SALT LAKE CITY — Elected officials from the State of Utah and Salt Lake County spoke Monday on the progress of Operation Rio Grande during its first six months.
The program, which launched in August 2017, is a collaborative effort to help homeless people and those with drug addictions find housing and employment, and restoring public safety in Salt Lake City's Rio Grande area.
Operation Rio Grande is being carried out in three phases:
- Public Safety and Restoring Order - Improve public safety & order by reducing the crime rate
- Assessment and Treatment - Support people struggling with mental illness & drug addiction so they can return to a path of self reliance
- Dignity of Work - Prepare & connect individuals to income that supports housing
The rate of crimes in the Rio Grande area has dropped significantly since the start of Operation Rio Grande. A graph released Monday shows crime dropped by 24 percent in Operation Rio Grande's first month, 19 percent in its second month, 26 percent in its third month, 36 percent in its fourth month and 13 percent in its fifth month, when compared with a three-year average.
Law enforcement officials have made more than 2,500 arrests in the Rio Grande area since August 14, 2017.
Salt Lake County Mayor Ben McAdams said some of the Phase 2 successes they've had so far include the addition of 199 new treatment beds around the Salt Lake Valley, with at least 50 more expected by the end of March. The treatment beds are used for people who need help with mental illness, substance abuse and detoxification.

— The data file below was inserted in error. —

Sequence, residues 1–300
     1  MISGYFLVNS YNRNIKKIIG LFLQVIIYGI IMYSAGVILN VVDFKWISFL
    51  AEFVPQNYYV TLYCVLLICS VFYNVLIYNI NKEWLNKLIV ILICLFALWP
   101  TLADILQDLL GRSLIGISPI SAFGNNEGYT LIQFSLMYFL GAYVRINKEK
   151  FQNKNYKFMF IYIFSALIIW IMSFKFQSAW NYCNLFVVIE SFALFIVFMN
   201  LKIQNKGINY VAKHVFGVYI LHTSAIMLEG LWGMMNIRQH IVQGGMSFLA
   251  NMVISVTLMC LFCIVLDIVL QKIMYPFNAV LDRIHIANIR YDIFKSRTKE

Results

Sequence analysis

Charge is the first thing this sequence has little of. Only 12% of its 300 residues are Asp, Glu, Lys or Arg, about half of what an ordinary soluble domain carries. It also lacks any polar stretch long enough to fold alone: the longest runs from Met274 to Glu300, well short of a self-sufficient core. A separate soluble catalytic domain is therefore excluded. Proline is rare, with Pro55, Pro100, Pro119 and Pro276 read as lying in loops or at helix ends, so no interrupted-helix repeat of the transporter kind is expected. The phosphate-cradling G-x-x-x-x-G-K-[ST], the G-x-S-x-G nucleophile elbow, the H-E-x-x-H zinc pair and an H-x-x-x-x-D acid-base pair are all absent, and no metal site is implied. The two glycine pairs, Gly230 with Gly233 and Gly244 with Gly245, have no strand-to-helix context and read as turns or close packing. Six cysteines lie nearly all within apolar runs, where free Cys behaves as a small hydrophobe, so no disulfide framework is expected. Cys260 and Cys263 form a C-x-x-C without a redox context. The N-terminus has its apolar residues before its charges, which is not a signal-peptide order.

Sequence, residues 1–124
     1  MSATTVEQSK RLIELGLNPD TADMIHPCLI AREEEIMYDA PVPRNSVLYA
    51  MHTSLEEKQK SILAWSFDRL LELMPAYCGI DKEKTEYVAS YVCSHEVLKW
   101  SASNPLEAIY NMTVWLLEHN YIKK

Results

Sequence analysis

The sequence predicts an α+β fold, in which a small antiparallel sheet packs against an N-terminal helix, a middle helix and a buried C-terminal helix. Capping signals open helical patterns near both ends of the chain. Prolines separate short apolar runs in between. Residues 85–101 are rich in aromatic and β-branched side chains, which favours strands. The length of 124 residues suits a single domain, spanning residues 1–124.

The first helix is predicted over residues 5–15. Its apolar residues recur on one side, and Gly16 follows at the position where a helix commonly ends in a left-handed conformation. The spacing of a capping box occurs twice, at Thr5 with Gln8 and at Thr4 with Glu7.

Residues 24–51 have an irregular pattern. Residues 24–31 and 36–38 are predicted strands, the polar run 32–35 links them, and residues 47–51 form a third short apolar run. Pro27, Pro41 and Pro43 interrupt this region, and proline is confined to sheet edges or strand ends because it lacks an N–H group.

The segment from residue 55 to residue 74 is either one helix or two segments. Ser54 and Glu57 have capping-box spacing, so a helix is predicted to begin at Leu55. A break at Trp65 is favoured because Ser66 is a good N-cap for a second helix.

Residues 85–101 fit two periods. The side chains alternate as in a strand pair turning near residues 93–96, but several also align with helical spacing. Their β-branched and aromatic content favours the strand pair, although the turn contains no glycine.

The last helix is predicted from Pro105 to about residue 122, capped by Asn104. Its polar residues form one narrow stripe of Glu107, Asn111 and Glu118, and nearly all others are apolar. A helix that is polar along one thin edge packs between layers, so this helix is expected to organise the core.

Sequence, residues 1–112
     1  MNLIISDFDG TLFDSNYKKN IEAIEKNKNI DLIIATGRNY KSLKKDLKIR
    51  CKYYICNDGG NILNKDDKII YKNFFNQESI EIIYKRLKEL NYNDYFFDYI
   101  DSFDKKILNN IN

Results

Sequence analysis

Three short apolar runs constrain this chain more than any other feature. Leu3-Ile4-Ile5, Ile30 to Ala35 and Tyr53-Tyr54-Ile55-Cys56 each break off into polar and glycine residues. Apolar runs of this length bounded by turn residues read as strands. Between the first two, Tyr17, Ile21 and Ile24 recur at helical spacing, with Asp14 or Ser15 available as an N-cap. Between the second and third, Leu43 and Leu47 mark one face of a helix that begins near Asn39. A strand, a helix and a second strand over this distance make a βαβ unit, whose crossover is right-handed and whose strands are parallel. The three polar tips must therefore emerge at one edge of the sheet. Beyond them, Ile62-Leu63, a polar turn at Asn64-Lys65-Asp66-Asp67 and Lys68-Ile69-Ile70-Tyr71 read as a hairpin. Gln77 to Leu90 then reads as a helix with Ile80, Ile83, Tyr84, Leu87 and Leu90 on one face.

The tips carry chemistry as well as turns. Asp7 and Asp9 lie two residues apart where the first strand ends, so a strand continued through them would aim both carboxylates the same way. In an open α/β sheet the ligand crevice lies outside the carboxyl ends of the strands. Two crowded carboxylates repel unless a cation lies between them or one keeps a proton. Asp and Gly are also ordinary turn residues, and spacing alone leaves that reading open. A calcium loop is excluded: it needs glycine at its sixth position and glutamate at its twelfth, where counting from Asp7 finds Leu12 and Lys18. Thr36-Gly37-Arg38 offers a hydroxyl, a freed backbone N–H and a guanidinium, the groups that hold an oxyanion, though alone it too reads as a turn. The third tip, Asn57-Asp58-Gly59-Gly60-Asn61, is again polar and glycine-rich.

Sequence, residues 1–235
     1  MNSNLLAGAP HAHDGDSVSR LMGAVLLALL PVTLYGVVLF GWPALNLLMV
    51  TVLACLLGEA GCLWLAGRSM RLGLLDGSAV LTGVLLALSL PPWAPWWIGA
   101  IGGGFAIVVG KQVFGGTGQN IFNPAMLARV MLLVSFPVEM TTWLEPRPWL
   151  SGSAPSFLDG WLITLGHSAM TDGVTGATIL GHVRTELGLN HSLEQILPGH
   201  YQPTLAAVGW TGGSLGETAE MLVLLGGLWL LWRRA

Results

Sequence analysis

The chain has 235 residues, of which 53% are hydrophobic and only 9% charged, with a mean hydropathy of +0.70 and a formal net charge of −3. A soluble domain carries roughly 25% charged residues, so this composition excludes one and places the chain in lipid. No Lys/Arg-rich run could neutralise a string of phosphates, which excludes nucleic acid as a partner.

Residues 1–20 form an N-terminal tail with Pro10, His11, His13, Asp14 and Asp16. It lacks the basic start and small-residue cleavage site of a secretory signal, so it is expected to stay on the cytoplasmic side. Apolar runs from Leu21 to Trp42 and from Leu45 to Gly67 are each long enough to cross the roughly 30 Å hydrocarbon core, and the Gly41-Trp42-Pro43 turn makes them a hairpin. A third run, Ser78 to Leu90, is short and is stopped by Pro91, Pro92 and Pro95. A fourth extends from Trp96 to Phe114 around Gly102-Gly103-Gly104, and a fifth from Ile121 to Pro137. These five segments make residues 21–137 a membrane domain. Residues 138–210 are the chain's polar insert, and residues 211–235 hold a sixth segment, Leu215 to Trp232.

Over 800 individuals assessed during Operation Rio Grande have now been enrolled in Medicaid - which includes coverage for behavioral mental health treatment.
Salt Lake City Mayor Jackie Biskupski touted successes in Operation Rio Grande's third phase, the Dignity of Work program.
"Tomorrow we will see several people graduate from [the Dignity of Work program]. They all will leave with an opportunity for an employment interview and skills in the construction industry. Skills that make them very employable, especially in today's booming economy," Biskupski said. "We are focused on making sure there is housing, transitional housing, truly affordable low-income housing - all of the levels of housing opportunities are coming online over the next two years to ensure that people who are getting services through our resource centers have an opportunity to find a home as they transition out into the community and back to independence."